But how did a heavy metal band decide to team up with one of the world’s biggest pop stars?
According to Lars Ulrich, Metallica’s drummer and founding member, it was as simple as just asking her.
“Gaga has been a long self-professed metal head, a life-long Metallica fan,” Ulrich told “Nightline.” “We have a mutual friend who doesn’t live too far from here and we were at dinner six weeks ago, four weeks ago. And I said, ‘We’re doing the Grammys, would you like to join?’ And she said, ‘Yes.’ It took about 12 seconds. And that was it.”
“Nightline” was granted exclusive access to a pre-show practice with the band for the Grammys in Los Angeles on Friday night. Watch the full story HERE.
Metallica guitarist Kirk Hammett said Gaga quickly picked up on what they envisioned for the fiery Grammy performance.
“By the time she [spent] what, 35 maybe 40 minutes with us, she totally got into the song, worked out an arrangement with James [Hetfield, lead vocals and guitar], totally got a feel for the song.”
“Somebody that can actually sing, like Lady Gaga… It was pretty seamless,” added bassist Robert Trujillo.
Metallica is a group that lives for live performances, Hammett said, that’s the best way to get a feel for the band’s “message.”
“It’s very honest what we do. We strap on our instruments and what you see is what you get,” he added.
“There’s like a groove factor and what you’re feeling is the pulse of that,” Trujillo continued. “And that’s what moves you.”
“[Osbourne] would come up to different band members, in this case it was me, and he’d get in my face, sometimes he’d pull your hair or put his arm around you really hard, he’s a rough cat on stage,” he said, laughing. “I loved it, I loved what he was doing. So then I started getting lower and lower.”
Ulrich started Metallica when he was just 17 years old. He and Hetfield have been bandmates for 35 years.
“It’s the longest relationship I’ve had with anybody basically other than my father,” Ulrich said.
Although the bandmates are now all in the 50s, they are still rocking hard and working on new music. In just a few months, Metallica has sold nearly 1 million copies of their latest album, “Hardwired…To Self Destruct,” but self-destruct is far from what they have done. The band has sold over 100 million albums, has played massive tours on every continent – even Antarctica in 2013 – and won eight Grammys.
All of this might never have happened. Ulrich came to the U.S. in 1979 from his native Denmark to become a tennis player.
“I’m sort of the black sheep of the tennis side of the family because my father was a professional tennis player,” he said. “His brother, my uncle, was also the top tennis player in Denmark. My cousin, you know, has won Danish championships… Music had always been my passion and my hobby, waiting in the wings to take over and it did.”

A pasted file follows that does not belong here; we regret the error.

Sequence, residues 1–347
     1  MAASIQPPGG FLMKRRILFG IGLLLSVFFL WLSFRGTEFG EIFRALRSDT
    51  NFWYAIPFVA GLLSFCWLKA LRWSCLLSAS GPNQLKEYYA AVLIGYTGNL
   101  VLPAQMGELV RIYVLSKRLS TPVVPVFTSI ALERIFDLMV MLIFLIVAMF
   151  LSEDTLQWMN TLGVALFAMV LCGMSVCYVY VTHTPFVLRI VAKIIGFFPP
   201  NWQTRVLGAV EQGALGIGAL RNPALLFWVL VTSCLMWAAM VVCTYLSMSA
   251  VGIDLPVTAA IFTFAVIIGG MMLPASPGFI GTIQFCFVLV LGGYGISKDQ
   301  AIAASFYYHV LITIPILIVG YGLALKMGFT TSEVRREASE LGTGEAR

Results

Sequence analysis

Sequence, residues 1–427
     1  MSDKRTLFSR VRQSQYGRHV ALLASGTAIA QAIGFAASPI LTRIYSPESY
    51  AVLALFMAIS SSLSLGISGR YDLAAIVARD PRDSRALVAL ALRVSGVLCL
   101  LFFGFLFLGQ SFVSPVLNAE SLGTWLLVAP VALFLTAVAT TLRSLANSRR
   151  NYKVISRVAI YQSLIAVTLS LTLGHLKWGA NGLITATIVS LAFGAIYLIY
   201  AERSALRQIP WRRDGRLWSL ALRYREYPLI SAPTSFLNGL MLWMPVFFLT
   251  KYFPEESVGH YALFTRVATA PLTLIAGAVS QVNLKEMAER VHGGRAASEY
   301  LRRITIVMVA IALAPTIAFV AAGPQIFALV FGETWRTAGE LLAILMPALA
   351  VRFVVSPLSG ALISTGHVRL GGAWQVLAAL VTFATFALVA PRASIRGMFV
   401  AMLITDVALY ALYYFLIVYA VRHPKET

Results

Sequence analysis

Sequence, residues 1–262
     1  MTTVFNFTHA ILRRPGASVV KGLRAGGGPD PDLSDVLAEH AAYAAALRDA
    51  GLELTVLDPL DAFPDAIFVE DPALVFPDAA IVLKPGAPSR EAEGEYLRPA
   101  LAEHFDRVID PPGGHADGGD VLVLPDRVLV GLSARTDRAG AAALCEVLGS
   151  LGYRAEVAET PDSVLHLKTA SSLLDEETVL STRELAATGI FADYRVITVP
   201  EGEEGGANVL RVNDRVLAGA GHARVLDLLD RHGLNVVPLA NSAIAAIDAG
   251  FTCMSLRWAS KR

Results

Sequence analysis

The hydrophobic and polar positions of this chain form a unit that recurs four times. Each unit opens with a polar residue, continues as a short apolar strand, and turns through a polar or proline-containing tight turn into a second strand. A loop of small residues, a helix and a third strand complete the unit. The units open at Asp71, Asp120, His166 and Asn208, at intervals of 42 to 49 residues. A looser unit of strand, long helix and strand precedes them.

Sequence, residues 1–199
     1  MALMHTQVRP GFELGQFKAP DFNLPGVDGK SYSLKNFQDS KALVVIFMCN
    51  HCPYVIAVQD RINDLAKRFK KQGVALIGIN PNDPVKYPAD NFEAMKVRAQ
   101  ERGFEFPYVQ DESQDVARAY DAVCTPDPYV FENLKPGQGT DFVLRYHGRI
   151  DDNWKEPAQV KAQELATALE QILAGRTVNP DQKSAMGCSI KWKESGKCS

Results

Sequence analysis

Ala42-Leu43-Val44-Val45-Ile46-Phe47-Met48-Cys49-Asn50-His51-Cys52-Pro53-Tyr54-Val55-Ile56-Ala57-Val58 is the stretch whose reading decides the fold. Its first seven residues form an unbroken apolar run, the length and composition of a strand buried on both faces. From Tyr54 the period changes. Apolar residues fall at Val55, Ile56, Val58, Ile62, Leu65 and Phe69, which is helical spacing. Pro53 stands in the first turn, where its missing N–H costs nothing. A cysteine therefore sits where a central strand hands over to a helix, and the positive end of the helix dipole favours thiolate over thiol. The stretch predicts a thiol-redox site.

Hetfield became involved after he simply answered an advertisement for a guitar player.
“My mom used to take care of my dad, sort of facilitate all the shenanigans all over the world – the travel, the business, this and that, and so I think I inherited that,” Ulrich said. “So when James and I started I was the mom -- I was my mom! I’ve never said that before!”
A 2004 documentary called “Some Kind of Monster” showed a band with some internal issues, which Ulrich acknowledged.
“It’s a bunch of guys who have never really had an in-depth conversation about how they’re feeling and what’s going and what they think about everything for 25 years and all of a sudden it happens and all hell breaks loose,” Ulrich said.
These days, the band said they have slowed down some. Hammett said they won’t tour for more than two weeks at a time, and while the band used to be the primary thing in all of their lives, Ulrich said they are now focused on family. Ulrich himself has three kids.
“We take care of our kids, take care of our families, our wives, take care of all our domestic responsibilities and then we get a chance to run away with a rock and roll band and that’s a lot of fun,” he said. “And to be able to do that at 53 is pretty cool.”
But they are still playing. In fact, Metallica just announced a new U.S. stadium tour starting in mid-May.
“It’s pretty crazy that people still, 35, 36 years into a career still come, still care, still are passionate. And there’s still a turnover of newer, younger fans,” Ulrich said. “Hand on heart, we’re somewhat good at what we do, our little niche.”
ABC News' Nick Watt contributed to this report